"What is this?"

That's how it starts. You're cable-surfing and land on a slick kitchen set where samurai chefs wielding machetes hack heads off live carp, wrestle thrashing squid and dice endangered abalone, as tuxedoed commentators excitedly give the play-by-play in B-movie-dubbed English.

"What's he doing over there?" an off-camera observer may ask in eager, inquisitive tones. Or an on-the-floor reporter anxiously signals to an announcer, "Fukui-san, Fukui-san, Bobby just added squid ink!"

For one frenzied, dangerous, incredulous hour, two chefs go knife to knife against the clock, boiling, baking, steaming and sautM-iing the "theme ingredient" - it could be foie gras or it could be plain white rice - into an elaborate, five-course meal.

A panel of celebrity judges that usually includes a gushing actress taste each course then offer comments - "I feel like I'm floating on a cloud" is typical hyperbole - and declare the winner. The prize? Not a measly $1 million, but "face," a much more valuable commodity in honor-bound Japan.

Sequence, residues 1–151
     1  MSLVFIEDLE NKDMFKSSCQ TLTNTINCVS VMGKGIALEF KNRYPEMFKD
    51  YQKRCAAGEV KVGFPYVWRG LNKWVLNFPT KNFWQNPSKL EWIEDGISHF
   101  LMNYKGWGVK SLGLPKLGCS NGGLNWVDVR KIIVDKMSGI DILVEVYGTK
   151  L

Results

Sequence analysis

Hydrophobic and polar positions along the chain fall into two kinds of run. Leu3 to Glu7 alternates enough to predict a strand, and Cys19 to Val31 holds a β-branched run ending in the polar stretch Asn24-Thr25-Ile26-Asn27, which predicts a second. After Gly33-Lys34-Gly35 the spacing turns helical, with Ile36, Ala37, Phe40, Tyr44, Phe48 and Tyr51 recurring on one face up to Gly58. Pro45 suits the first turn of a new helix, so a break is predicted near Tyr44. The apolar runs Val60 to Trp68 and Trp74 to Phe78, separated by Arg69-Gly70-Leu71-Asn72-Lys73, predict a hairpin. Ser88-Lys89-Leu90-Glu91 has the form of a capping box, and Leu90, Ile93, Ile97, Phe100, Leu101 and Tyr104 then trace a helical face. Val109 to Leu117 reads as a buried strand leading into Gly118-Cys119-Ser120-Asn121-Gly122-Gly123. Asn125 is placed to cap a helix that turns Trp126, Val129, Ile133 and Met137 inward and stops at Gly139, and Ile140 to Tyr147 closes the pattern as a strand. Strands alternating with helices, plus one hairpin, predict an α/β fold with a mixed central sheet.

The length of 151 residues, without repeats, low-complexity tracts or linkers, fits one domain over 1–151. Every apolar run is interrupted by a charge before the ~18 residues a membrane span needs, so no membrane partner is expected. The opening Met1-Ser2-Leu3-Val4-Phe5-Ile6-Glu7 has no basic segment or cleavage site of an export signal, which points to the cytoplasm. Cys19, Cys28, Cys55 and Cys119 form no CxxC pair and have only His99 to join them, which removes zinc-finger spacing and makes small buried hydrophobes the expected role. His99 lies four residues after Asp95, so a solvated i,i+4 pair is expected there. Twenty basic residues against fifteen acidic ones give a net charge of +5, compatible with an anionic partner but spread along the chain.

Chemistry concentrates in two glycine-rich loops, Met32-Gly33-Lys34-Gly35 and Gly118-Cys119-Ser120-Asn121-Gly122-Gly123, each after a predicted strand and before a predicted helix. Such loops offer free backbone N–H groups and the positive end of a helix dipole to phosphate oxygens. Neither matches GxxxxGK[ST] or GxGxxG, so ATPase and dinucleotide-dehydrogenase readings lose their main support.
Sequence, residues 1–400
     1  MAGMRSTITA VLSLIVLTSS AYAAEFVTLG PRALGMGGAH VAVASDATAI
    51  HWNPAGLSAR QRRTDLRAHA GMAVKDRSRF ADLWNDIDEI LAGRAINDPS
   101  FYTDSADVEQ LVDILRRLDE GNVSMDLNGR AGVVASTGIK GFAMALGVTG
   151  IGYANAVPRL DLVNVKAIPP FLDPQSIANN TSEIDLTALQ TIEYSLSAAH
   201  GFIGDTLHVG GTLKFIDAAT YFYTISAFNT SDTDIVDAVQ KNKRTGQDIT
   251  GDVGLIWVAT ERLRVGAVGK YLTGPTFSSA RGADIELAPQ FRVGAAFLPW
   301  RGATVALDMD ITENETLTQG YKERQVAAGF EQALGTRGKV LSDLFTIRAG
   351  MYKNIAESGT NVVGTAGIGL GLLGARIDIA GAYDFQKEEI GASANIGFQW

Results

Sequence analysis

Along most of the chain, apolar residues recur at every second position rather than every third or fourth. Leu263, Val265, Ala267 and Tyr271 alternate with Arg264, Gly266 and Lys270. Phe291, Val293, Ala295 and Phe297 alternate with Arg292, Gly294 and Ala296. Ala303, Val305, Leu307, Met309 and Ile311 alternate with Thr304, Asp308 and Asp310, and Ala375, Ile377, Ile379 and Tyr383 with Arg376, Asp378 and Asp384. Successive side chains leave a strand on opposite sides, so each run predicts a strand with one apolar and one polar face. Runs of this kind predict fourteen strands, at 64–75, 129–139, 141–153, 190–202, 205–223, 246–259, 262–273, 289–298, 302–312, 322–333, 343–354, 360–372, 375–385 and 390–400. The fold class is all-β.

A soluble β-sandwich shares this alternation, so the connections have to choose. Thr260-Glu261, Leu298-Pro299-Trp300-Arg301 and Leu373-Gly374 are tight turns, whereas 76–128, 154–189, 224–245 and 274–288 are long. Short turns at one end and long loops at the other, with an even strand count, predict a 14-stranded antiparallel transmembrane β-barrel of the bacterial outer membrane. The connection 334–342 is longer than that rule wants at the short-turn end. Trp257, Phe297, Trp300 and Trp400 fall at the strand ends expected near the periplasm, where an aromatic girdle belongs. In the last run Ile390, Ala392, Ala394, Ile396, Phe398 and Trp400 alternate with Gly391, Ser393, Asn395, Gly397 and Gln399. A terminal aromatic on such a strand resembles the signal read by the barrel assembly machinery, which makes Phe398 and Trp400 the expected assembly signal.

You're glued to the screen. This is hilarious and it's touching. It's haute camp cuisine, and unlike any show, let alone any cooking show, you've ever seen. What is this?

Overnight you, too, are an "Iron Chef" acolyte, watching the late-night Food Network program in a required ritual with roommates, family and friends. Of course you tape it when out of town, something you haven't done since "Twin Peaks" was around. Such viewing habits have made "Iron Chef" the Food Network's second highest-rated show, behind "Emeril Live!" with New Orleans restaurateur Emeril Lagasse.

Soon, you're also an insatiable collector of "Iron Chef" trivia, trolling Web sites that detail program highlights and subscribing to online mailing lists laden with behind-the-scenes gossip.

You're now an authority on the wisdom of not dubbing the dramatic pronouncements of Chairman Takeshi Kaga, the flamboyant millionaire proprietor of the Kitchen Stadium and the show's only actor. You know the temperament and idiosyncrasies of each of the four noble chefs who rule the Kitchen Stadium - Iron Chef Japanese, Iron Chef Chinese, Iron Chef Italian, Iron Chef French - and you've acquired a soft spot for one of them.